Conflation Confirmation Conflagration

Nobody asked but …

Conflation is running amock these days.  People are actually making important decisions because certain things are viewed as Republican, Democrat, conservative, liberal, patriotic, religious, lawful, or criminal.

It is critical in this complex world that each person take in as much information as needed, in the most effective way, to make thoughtful decisions.  We should practice Ockham’s Razor whenever we sift facts, fictions, and factoids.  Ockham’s Razor, you may recall, is an admonition not to overstir the pot.  Reject overwrought accounts.  Just think.  Almost all of the information crucial to our physical or social health comes through news media, social media, politicians, bureaucrats, hidebound professional associations — none of whom know of what they speak, passing along only hearsay.  It is cacophony.  Can you keep your head when all around you are losing theirs?

There are traits that do not serve humans well as a rational species:

  • Conflation,
  • Confirmation, and
  • Conflagration.

Conflation is putting ideas together that should be sorted apart, first, before looking for specious connections.  An example would be to make some ideas congruent merely because they arose together.

Of course conflation goes hand-in-hand with confirmation.  We tend to conflate ideas that confirm our pre-conceived notions.

When we have thoroughly burdened any chance at truth, we start dropping bombs.  Presto!  Conflagration.

— Kilgore Forelle

 

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All News is Fake News

There is infinite information in the universe. Any time you select a tiny slice of info and focus on it, you are creating a story that is different from reality itself.

Imagine a movie sliced into a million still screenshots. Say it was impossible to watch the movie and your only way of interacting with it was with these screenshots. If someone picked three of them and presented it to you as the “truth” of the movie, they’d be wrong, even if the screenshots weren’t tampered with or substituted for fakes. If the person presenting the “facts” of the movie to you had an ax to grind or wasn’t so scrupulous about accuracy in screenshots, it would be even worse. But the main point is that even if trying to be accurate, any version of the movie selected from a few micro-second still frames will present a story that’s incorrect.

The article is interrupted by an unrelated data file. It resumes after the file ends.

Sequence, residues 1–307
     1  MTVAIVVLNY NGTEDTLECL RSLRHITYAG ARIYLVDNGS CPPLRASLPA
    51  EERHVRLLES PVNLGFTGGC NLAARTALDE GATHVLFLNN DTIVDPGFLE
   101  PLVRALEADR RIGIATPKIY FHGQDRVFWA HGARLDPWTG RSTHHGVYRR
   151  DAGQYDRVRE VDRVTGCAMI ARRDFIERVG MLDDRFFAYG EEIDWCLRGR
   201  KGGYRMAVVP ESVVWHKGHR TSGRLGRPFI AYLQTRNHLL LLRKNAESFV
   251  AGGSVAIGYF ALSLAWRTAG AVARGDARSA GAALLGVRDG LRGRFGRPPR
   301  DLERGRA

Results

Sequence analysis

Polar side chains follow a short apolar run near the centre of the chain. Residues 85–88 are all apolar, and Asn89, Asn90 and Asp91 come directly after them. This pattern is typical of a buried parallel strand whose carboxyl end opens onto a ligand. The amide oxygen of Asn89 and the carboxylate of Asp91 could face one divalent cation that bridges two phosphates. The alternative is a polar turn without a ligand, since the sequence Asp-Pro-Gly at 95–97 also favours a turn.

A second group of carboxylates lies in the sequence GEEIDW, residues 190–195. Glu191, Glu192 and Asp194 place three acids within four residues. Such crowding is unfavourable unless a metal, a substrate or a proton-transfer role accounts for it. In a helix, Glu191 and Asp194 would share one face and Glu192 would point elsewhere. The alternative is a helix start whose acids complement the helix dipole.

Once you realize this, you can select your own slices based on what helps you achieve your goals. It may be no more accurate in terms of explaining the real movie, but none can be, so you might as well choose slices that help you. Better yet, you can stop worrying about figuring out the right version of this movie from the past and start creating your own story going into the future.

News is a specific view of reality. It’s always wrong. Worse, it’s usually bad for your health and sanity. Choose better slices of reality and your reality will improve.

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Blunt Instrument, Importance of Fun, & Terrible People (13m) – Episode 010

Episode 010 looks at protecting yourself from someone swinging a blunt instrument at you; the importance of having fun to mental health; and why it’s a bad idea to spend so much time watching the worst that humanity has to offer.

Listen to Episode 010 (13m, mp3, 64kbps)

Subscribe via RSS here, or in any podcast app by searching for “thinking and doing”. Support the podcast at Patreon.com/evc or PayPal.me/everythingvoluntary.